Nine studies were cross-sectional survey studies, only the study by (Li et al., 2018a,b) used a prospective cohort study design. All ten of the studies targeted adolescents and/or emerging adult groups. All studies examined both genders and the sample sizes ranged from 241 to 5,365. Most studies (n = 8) were carried out in Mainland China, one study was carried out in Hong Kong (Yam et al., 2019), and one study was carried out in Taiwan (Hong et al., 2014). Given that China, Taiwan, and Hong Kong share the same cultural background, we deemed it important to include studies from these areas of the world in the present review. Furthermore, the participants in these studies were Chinese SNS users. Table 1 summarizes further information about the included studies and provides insights into the effect sizes observed in each study.
Methods of Assessing Social Networks Use Disorder
Various measures were used to assess SNUD with the authors of studies adapting measures into Chinese/Mandarin and to assess Chinese SNSs (i.e., western SNS name, such as Facebook®, was exchanged for a Chinese SNS name such as WeChat®). Hou et al. (2019) and Wang et al. (2018) utilized adapted versions of the Facebook Intrusion Questionnaire (Elphinston and Noller, 2011; Li et al., 2018a,b) used the Online Social Networking Addiction Scale (Li et al., 2016), Liu and Ma (2018a) used the Social Media Addiction Scale (Liu and Ma, 2018b), Chen et al. (2019) used the Social Networking Websites Addiction Scale (SNWAS; Turel and Serenko, 2012) and the Social Networking Sites Addiction Tendency Scale (SNSATS; Wilson et al., 2010). (Yam et al., 2019) used the Bergen Social Media Addiction Scale (Andreassen et al., 2012), Li et al. (2017) used an adapted version of the Facebook Addiction Scale (Koc and Gulyagci, 2013), and Hong et al. (2014) used the Internet Addiction Test (Young, 1996). Two studies (Niu et al., 2018; Tian et al., 2018) used an adapted version of the Facebook Intensity Scale (Ellison et al., 2007) to assess SNS use intensity. Although not a direct measure of SNUD, research has reported that SNS intensity is related to addiction, therefore it appears to be a valid measure of SNUD (Müller et al., 2016). The measures for assessing SNUD varied, some studies had different measurement criteria. Table 1 provides details of measurement instruments used by the studies to assess SNUD.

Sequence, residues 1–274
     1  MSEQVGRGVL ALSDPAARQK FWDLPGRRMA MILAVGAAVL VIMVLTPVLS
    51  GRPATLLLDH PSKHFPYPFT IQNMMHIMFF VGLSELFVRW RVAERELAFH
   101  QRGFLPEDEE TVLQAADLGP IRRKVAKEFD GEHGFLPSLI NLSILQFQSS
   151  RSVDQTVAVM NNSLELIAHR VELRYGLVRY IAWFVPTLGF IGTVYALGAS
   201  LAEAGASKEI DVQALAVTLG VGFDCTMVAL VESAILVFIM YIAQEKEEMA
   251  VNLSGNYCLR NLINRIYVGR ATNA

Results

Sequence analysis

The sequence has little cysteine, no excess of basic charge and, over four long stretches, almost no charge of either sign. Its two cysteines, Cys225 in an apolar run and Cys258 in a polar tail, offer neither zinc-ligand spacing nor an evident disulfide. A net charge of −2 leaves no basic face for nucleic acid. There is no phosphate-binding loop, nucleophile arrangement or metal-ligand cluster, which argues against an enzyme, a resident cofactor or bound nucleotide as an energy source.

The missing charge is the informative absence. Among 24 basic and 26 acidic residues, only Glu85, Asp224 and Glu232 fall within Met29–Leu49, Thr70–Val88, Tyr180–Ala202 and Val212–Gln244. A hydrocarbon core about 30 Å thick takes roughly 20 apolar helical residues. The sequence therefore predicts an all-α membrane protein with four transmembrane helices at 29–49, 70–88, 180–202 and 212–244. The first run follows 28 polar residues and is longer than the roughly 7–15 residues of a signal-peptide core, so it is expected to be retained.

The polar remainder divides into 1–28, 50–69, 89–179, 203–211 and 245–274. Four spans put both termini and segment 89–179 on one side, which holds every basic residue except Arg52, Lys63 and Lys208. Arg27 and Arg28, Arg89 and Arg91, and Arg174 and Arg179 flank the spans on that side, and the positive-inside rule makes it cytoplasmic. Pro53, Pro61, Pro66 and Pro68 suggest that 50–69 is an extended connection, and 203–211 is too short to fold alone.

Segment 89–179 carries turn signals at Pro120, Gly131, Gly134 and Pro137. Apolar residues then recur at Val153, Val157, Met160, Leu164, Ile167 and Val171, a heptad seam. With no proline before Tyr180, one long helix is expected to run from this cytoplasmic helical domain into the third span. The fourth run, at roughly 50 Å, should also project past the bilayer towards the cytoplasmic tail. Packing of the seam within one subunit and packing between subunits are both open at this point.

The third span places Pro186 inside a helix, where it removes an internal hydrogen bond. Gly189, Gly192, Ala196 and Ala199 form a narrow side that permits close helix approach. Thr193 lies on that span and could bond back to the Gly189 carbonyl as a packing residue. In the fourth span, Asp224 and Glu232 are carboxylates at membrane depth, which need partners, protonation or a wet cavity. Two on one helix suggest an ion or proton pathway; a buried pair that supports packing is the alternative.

Social Networks Use Disorder and Depression Symptoms
Eight studies examined the associations between SNUD and depression (i.e., Hong et al., 2014; Li et al., 2017, 2018a,b; Niu et al., 2018; Tian et al., 2018; Wang et al., 2018; Hou et al., 2019; Yam et al., 2019). A significant and positive association between SNUD and depression was reported in seven studies (i.e., Hong et al., 2014; Li et al., 2017, 2018a,b; Niu et al., 2018; Wang et al., 2018; Hou et al., 2019; Yam et al., 2019). Tian et al. (2018) reported a significant negative association between SNUD and depression. Bivariate correlations were typically in the range from −0.08 to 0.259. Two studies (Li et al., 2017, 2018a,b) reported odds ratios, which were in the range of 1.65–3.27. Multivariate associations showed betas ranging from −0.06 (Tian et al., 2018) to 0.211 (Hong et al., 2014). Li et al. (2017) reported that insomnia partially mediated 44.8% of the effect of SNUD on depression (Sobel Z = 3.919, p < 0.001). One study reported that the odds of developing SNUD was 3.45 times (95% CI: 2.51–4.75) higher among those who were persistently depressed, and 4.47 times (95% CI: 3.33–5.99) higher among those who were emerging depressed (Li et al., 2018a,b). Several scales were used to assess depression in the studies. Most of the studies (Li et al., 2017, 2018a,b; Niu et al., 2018; Tian et al., 2018; Wang et al., 2018) made use of the Chinese version of the Center for Epidemiological Studies Depression Scale (CES-D; Chen et al., 2009). Hong et al. (2014) used the depressive character sub-scale of Lai's Personality Scale (Lai and Lai, 2003). Yam et al. (2019) used the Hospital Anxiety and Depression Scale (HADS; Chan et al., 2010).